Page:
• Service start: /var/lib/transformer-resources

User and Group for Service Start

When you run Transformer as a service, Transformer runs as the system user account and group defined in environment variables. The default system user and group are named transformer.

You can modify the values of the environment variables to point to another system user or group. Modify environment variables using the method required by your installation type.

If you change the system user, you must make the new system user the owner of all Transformer directories:
  • $TRANSFORMER_DIST
  • $TRANSFORMER_CONF
  • $TRANSFORMER_DATA
  • $TRANSFORMER_LOG
  • $TRANSFORMER_RESOURCES
For example, if you change the system user and group to myuser, use the following command to change the owner of the configuration directory, $TRANSFORMER_CONF, and all files in the directory to myuser:myuser:
chown -R myuser:myuser /etc/transformer
Note: When you run Transformer manually, Transformer runs as the system user account logged into the command prompt when the launch command is run.

Java Configuration Options

You define the Java configuration options used by Transformer based on your Transformer installation:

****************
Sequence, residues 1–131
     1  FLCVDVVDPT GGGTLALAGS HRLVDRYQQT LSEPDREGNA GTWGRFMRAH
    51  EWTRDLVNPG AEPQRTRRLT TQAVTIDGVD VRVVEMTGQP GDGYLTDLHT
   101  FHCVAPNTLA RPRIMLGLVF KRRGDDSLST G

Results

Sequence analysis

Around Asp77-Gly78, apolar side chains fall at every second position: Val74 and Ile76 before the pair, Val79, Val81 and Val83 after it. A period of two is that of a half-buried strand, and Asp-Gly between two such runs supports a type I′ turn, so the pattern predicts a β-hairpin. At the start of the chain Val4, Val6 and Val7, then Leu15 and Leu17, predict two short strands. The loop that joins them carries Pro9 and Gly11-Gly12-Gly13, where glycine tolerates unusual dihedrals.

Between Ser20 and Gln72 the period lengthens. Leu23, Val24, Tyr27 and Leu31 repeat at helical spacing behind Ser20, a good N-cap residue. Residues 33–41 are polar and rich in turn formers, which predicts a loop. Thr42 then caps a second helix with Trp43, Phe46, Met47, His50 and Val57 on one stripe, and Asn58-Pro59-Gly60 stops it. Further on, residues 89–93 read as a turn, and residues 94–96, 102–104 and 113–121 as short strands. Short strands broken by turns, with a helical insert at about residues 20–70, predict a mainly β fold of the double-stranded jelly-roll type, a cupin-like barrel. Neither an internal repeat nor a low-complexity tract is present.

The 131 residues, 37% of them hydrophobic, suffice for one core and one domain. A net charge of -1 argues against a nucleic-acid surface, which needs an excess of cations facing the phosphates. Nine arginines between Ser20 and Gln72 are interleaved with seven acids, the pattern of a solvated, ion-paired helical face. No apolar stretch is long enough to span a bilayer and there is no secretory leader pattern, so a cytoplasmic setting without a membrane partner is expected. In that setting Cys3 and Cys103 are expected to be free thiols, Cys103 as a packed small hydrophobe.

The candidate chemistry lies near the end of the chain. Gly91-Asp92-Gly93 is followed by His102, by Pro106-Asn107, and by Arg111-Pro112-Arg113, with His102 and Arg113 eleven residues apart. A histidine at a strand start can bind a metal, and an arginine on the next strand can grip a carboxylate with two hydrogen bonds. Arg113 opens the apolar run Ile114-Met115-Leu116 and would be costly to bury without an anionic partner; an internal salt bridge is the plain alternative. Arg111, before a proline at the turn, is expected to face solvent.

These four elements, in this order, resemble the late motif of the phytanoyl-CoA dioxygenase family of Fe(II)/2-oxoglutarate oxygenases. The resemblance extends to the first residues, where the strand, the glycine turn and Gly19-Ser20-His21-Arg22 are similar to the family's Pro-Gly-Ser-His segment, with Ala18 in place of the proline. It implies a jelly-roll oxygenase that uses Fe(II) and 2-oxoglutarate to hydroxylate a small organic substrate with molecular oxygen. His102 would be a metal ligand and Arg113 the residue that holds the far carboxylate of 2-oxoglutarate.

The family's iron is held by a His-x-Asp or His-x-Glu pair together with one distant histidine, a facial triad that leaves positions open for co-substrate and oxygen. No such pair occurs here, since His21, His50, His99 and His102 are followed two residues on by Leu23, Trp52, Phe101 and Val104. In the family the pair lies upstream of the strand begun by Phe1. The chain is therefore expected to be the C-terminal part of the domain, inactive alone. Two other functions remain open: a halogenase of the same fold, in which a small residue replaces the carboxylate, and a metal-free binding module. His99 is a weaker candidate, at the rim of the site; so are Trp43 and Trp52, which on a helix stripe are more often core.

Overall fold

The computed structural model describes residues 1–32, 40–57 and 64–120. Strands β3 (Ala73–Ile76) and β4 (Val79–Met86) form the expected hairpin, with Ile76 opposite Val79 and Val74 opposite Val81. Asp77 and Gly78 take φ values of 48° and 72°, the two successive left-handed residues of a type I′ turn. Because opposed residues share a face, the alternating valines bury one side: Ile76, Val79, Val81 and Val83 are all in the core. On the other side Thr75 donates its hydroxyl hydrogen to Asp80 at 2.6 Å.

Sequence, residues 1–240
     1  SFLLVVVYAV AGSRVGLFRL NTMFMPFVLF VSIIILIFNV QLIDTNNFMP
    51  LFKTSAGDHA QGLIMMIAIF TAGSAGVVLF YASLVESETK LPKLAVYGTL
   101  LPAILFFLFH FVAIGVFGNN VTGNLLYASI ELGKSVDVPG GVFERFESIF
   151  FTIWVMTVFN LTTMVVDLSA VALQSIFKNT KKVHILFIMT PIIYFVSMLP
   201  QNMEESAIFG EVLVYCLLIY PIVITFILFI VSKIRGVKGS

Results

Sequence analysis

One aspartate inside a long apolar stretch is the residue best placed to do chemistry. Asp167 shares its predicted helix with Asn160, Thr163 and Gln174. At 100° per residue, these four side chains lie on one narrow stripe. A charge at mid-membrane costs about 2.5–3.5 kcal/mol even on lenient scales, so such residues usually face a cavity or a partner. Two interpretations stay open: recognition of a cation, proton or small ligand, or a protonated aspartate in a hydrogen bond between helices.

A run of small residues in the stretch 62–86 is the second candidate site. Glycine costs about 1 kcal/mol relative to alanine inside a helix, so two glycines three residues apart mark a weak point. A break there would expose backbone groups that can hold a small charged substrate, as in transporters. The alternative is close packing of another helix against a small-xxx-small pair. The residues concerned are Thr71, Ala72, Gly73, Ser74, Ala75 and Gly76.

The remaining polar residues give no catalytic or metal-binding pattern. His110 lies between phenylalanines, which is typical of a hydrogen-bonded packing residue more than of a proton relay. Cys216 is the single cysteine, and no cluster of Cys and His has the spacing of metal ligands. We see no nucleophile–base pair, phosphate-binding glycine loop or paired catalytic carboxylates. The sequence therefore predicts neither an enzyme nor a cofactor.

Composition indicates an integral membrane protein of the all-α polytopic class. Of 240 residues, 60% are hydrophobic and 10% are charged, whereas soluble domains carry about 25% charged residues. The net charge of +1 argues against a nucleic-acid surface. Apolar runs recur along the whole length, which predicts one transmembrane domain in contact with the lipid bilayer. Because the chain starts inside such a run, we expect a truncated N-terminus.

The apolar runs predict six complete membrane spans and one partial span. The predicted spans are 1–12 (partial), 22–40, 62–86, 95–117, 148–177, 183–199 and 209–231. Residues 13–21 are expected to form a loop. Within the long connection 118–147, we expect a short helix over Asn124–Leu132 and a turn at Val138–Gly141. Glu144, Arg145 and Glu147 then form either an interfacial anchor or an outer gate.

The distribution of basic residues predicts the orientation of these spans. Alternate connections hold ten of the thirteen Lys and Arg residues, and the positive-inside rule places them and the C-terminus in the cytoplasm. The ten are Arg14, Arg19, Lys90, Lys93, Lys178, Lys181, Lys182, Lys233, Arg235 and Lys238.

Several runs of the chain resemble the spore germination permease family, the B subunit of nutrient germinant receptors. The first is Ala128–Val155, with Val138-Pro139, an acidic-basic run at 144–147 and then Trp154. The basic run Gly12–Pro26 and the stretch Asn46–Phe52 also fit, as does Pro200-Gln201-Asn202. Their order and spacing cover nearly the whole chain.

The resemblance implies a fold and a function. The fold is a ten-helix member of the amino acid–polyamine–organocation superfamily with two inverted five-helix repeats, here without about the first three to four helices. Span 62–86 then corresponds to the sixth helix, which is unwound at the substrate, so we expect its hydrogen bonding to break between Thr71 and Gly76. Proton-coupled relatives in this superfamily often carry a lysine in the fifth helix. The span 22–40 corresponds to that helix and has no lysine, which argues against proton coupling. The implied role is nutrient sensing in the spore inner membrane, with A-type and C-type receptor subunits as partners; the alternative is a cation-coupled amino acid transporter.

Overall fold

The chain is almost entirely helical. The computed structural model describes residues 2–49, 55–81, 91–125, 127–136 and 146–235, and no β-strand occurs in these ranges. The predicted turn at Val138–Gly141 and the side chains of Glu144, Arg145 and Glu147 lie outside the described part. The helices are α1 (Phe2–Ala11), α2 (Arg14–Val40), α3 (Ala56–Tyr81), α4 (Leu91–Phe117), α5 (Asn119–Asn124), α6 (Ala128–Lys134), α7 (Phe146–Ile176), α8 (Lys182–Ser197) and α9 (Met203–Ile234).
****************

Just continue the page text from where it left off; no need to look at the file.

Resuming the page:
Tarball installation

Define Java configuration options in the TRANSFORMER_JAVA_OPTS environment variable.

When defining Java configuration options, avoid defining duplicate options. If you do define duplicates, the last option passed to the JVM usually takes precedence.

Java Heap Size

Increase or decrease the Transformer Java heap size as necessary, based on the resources available on the host machine. By default, the Java heap size is 1024 MB.

Use the following Java options to define the Java heap size:
  • Xmx - Defines the maximum heap size.
  • Xms - Defines the minimum heap size.
Tip: To avoid constant recalculation of the allocated heap size, set both properties to the same value. To define the unit of measure, use m for MB and g for GB.

Define the heap size based on your installation:

Tarball installation

Define the heap size in the TRANSFORMER_JAVA_OPTS environment variable.

For example, to double the heap size, increase the Xmx and Xms settings as follows:

export TRANSFORMER_JAVA_OPTS="${TRANSFORMER_JAVA_OPTS} -Xmx2048m -Xms2048m -server"
Modify environment variables using the method required by your installation type.
With a heap size of 2048 MB, you can configure a pipeline to use up to 65% - that's 1331 MB of memory.
Note: In the pipeline properties, you can use the jvm:maxMemoryMB() function to help define the percentage of the heap size the pipeline uses.

Remote Debugging